Kilkenny Castle was, for over five centuries, the ancestral home of the Butlers. The Butler family are of Anglo-Norman descent, and were founded in 1177 by Theobald FitzWalter, after he was made Chief Butler of Ireland by King Henry II.
Kilkenny Castle itself is situated in the pseudo-city of Kilkenny, in county Kilkenny, in the south-east of Ireland. The town of Kilkenny was originally, like many Irish towns, a monastic settlement, the name Kilkenny meaning "The Church of Canice" (from the Irish Cill Channaigh). The modern city includes Saint Canice's cathedral, which dates from around 1270, and a round tower which may even date back to Canice's 6th century monastery. Kilkenny was granted city status in 1609, by James I, back in the days when being a city was more of a state of mind than a reflection of the population.
The first structure on the site of the castle, a wooden motte and bailey castle, was built there by Strongbow, a.k.a. Richard FitzGilbert de Clare, in 1172, to command the crossing of the river Nore. On his death, his son-in-law, William Marshall, Earl of Pembroke, took it and the surrounding town as his home, and at some stage during the early 13th century, he built the first stone structure on the site, a square castle with four towers, three of which are still standing as part of the modern castle.
The castle remained in the hands of Marshall's family until 1391, when it was purchased by James Butler, 3rd Earl of Ormond. The Butlers were a family of great importance in Ireland's history; they controlled half of the province of Munster (Ormonde translates as "East Munster", from the Irish Oir-Mhumhain); the family held several different titles (Duke, Earl and Marquis of Ormonde, Chief Butler of Ireland); they were cousins of royalty (two of Henry VIII's wives were related to the Butlers, and so both Elizabeth I and James VI were cousins of the family); and also, because of the honour first bestowed on Theobald FitzWalter, they were entitled to 10% of all wine imported into Ireland, a tithe which they received annually. As the Butlers' fortunes rose, so did the profile of their adopted home; the Anglo-Norman Parliament met there from 1293 to 1408, and during the English Civil War (1642-1648), Kilkenny was the capital of the Roman Catholic Confederacy.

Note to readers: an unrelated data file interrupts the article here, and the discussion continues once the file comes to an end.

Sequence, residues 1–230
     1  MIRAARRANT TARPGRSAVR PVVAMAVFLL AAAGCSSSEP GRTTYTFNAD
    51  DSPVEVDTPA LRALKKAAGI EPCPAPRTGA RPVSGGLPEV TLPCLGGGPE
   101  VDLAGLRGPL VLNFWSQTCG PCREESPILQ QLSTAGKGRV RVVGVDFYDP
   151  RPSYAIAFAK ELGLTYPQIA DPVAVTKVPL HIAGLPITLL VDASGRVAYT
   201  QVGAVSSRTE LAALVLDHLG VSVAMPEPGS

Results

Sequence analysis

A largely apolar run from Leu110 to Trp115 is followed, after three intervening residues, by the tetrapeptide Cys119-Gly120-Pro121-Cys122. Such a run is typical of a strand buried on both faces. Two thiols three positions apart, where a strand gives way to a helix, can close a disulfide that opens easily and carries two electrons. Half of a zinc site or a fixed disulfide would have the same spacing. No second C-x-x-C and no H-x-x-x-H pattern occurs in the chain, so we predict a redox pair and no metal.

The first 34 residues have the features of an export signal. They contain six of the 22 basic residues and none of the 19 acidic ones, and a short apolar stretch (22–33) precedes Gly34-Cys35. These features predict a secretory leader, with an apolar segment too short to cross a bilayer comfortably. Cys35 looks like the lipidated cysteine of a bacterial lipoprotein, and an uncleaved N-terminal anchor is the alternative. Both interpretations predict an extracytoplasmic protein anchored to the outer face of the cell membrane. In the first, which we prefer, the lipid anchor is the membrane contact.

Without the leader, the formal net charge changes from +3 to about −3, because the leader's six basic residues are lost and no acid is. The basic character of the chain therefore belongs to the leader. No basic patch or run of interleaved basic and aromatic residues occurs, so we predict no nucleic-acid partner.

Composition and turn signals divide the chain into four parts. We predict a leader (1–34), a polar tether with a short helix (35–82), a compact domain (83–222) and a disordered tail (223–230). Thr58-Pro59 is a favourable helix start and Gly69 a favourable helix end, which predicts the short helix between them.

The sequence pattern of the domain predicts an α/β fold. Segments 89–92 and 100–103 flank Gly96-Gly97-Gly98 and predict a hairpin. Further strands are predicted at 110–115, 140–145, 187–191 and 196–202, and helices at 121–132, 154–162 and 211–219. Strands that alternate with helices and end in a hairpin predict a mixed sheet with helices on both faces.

The Butlers lived in the castle up to as recently as 1935, when the castle was sold to the city of Kilkenny for the nominal sum of £50. During their residence, the Butlers undertook many changes to the castle, gradually transforming it from a medieval castle to more of a Victorian manor. The largest single change was probably when one of the four sides of the castle was completely demolished, following severe damage sustained in a siege by Oliver Cromwell's army in 1650. This left the castle's structure as it is today, occupying three side of a square, with the fourth facing a beautiful view across parklands and gentle hills. Another major change came in 1820, when William Robertson remodelled the entire castle in a "feudal revival" style for the first Marquis of Ormonde; thankfully, he left the beautiful classical-style gateway, dating from the early 18th centruy, intact. More changes came during the mid-19th century, when the picture gallery was remodelled, and filled with beautiful portraits by the likes of Van Dyke, Kneller and Lely, as well as very ornate painting along the roof beams. A Gothic staircase was also added to the castle during the same period.
As mentioned above, the castle was sold to the City of Kilkenny in 1935; in 1967, the castle and grounds were given over to the state, and are now managed by An Dúchas, the Irish National Heritage Council. The castle has been renovated extensively since then, at great expense to the state, who did all they could to authentically replicate the carpets, wall hangings, furniture, and (slightly ostentatious) golden ceilings that made the castle such a stately home in its hayday. The castle is now open to the public, on guided tours only; the tour takes in the magnificent gallery I mentioned above, which contains portraits of the Butlers of old, some of whom bear a marked resemblance to yours truly in a certain light. It also goes through old bedrooms, one of the towers, and a beautifully restored sitting-room/study. The castle kitchens now house what I'm told is a popular restaurant, and there is also a public gallery in the basement of the castle, which aims to show the best in Irish and international contemporary art.
A great website for tourist information about Kilkenny, as well as history and other background information.
Another good site containing some historical content; this one also covers Carlow, Waterford, Wexford and Tiperary, and has some quite in-depth information.
This article gave me some information on the various architectural and interior-design changes that had been made to the castle.
More little factoids about Kilkenny castle.
This writeup dedicated to the castle-loving wertperch - come over and visit some time! :)